Charlie Hebdo
French cartoonist Renald Luzier, aka Luz (C), is comforted by editor in chief of French satirical weekly Charlie Hebdo Gerard Briard (L) and editorialist Dr Patrick Pelloux, during a press conference to present the new issue of the weekly at the offices of French newspaper Liberation in Paris on January 13, 2015.Getty Images

Charlie Hebdo magazine's surviving cartoonist who has drawn the front cover of Wednesday's (14 January) Survivors' Edition has released a statement explaining why he opted to feature the Prophet Muhammed.

Speaking at a press conference, French cartoonist Renald Luzier, also known as Luz said: "I had the idea of drawing this character of Mohammed, as it's my character, because he existed, at least in people's hearts.

"He is a character that got our offices burned, and a character who at first got us treated as the great white knights of the freedom of the press because the offices had burned down.

"Then a year later when we redrew the character we were treated as dangerous, provocative and irresponsible. So this character led us to be called either white knights or provocateurs, whereas we are above all cartoonists who draw little people like children do.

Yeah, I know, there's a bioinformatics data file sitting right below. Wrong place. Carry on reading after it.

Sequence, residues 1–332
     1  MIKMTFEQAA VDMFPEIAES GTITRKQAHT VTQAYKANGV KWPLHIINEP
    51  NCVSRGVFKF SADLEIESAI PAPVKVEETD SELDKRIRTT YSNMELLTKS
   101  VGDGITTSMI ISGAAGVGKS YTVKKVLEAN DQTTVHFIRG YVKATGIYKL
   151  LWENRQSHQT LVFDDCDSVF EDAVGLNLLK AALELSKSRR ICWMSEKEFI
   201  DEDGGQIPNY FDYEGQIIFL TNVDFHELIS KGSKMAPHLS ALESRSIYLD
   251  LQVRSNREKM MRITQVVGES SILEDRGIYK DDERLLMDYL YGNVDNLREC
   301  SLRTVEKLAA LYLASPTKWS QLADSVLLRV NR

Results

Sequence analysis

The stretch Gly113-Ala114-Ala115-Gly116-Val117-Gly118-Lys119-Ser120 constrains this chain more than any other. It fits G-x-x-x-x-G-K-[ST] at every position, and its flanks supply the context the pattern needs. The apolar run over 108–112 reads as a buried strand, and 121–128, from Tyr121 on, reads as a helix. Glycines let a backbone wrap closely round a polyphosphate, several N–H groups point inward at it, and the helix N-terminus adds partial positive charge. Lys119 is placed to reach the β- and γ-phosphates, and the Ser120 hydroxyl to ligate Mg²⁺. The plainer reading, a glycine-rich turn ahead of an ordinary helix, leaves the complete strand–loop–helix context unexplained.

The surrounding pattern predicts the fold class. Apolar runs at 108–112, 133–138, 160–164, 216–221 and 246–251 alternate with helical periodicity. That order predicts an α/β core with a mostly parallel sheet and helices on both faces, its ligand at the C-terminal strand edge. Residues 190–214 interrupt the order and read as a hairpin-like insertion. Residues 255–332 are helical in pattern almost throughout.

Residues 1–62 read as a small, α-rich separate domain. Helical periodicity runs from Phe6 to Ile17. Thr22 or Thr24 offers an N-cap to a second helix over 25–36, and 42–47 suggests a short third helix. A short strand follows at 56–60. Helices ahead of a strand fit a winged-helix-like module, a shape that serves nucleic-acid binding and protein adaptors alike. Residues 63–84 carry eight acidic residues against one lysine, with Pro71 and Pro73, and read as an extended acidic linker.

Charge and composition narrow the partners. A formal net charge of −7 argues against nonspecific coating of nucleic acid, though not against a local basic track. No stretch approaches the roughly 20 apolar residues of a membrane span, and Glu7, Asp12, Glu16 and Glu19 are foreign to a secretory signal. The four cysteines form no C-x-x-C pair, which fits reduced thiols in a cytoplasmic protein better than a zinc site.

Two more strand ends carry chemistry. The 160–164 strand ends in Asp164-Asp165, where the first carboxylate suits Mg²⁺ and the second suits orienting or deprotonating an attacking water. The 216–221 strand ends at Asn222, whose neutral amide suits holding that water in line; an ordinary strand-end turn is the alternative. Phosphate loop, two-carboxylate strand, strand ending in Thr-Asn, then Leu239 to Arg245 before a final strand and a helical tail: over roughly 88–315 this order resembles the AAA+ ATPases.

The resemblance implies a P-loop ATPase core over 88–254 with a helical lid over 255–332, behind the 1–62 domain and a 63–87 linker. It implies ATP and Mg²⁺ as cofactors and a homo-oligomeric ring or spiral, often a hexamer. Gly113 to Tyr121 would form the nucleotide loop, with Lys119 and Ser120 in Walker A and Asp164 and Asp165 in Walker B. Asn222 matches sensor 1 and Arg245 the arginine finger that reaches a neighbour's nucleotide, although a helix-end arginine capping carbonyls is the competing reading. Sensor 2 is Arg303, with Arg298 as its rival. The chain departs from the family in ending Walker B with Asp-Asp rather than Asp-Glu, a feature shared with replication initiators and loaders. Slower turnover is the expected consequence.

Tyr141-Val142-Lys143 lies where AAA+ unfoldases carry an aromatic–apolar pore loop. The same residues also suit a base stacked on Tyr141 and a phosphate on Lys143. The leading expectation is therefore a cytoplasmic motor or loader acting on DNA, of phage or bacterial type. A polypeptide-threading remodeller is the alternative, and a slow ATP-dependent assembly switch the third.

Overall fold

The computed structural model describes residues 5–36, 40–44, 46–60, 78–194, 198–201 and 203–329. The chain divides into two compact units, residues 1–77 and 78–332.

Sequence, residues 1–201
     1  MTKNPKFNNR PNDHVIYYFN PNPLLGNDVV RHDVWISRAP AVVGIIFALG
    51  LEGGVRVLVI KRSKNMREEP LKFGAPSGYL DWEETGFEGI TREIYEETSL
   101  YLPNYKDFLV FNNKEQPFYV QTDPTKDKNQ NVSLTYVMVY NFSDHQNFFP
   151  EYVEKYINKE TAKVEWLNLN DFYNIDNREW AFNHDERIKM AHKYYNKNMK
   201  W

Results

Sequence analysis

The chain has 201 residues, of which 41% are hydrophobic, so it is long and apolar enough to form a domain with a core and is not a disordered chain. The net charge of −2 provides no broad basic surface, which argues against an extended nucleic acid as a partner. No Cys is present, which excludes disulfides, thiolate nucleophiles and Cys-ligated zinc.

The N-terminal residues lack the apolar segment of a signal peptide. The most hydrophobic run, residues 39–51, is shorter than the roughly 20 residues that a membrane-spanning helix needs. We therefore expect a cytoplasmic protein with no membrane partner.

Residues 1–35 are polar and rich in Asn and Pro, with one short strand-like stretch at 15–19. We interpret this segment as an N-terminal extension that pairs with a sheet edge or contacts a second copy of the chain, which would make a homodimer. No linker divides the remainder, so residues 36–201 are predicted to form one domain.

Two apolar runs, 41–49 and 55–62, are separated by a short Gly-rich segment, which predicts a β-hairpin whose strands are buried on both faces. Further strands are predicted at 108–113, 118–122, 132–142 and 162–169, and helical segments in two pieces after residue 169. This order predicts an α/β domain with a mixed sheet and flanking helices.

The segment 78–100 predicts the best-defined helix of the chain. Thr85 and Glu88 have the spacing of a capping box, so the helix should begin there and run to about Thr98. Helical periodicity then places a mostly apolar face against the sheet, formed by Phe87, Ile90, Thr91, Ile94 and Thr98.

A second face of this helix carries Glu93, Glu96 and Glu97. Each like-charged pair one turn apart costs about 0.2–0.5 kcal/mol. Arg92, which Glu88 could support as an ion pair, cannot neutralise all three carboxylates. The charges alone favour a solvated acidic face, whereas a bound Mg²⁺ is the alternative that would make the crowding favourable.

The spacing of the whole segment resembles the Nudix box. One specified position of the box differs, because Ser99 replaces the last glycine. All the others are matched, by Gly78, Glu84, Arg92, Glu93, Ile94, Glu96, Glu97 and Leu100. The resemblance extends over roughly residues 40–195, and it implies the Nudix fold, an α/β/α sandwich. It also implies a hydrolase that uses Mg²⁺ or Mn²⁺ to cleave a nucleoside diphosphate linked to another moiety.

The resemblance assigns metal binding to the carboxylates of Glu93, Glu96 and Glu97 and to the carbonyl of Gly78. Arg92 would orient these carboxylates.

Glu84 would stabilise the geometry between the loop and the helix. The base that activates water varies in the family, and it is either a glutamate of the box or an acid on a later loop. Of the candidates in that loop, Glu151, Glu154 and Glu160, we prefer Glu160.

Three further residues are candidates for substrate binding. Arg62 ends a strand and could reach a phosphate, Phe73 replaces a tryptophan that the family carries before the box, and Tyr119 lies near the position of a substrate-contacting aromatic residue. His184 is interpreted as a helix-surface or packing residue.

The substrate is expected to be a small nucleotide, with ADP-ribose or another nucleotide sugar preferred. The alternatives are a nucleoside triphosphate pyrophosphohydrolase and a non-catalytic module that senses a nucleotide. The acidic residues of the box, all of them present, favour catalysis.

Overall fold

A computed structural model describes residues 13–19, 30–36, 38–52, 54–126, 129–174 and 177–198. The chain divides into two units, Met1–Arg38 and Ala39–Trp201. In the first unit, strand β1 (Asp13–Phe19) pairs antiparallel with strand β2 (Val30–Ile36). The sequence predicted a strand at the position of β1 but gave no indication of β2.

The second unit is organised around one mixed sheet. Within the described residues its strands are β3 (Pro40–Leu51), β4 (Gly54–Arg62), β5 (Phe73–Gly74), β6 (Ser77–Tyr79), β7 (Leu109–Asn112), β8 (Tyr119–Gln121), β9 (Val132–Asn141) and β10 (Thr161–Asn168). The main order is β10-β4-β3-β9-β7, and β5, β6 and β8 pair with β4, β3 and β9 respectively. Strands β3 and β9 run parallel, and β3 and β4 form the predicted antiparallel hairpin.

"The terrorists were once kids, they drew like us, like all kids, then one day they perhaps lost their sense of humour, perhaps their child soul was able to see the world from a bit of a distance, because that's Charlie – being able to draw the world from a small distance.

"The only idea left was to draw Mohammed, I am Charlie. Then I looked at him, he was crying. Then above, I wrote: 'All is forgiven', and then cried. We had the front page, we had finally found this bloody front page. This was our front page.

"This is not the front page that the terrorists want us to draw, as there are no terrorists in it, just a man who cries: it's Mohammed. I am sorry that we drew him again, but the Mohammed we drew is a Mohammed who is crying above all."

The first cover of the satirical Charlie Hebdo magazine to be published following the Paris attacks will feature the Prophet Muhammed holding a sign reading, "Je suis Charlie."

An estimated three million copies of the "survivors' edition" of the magazine are due to hit newsstands on Wednesday (14 January), one week after militants killed 12 people at the Charlie Hebdo headquarters in Paris.

The cover will also be featuring a tagline, "all is forgiven."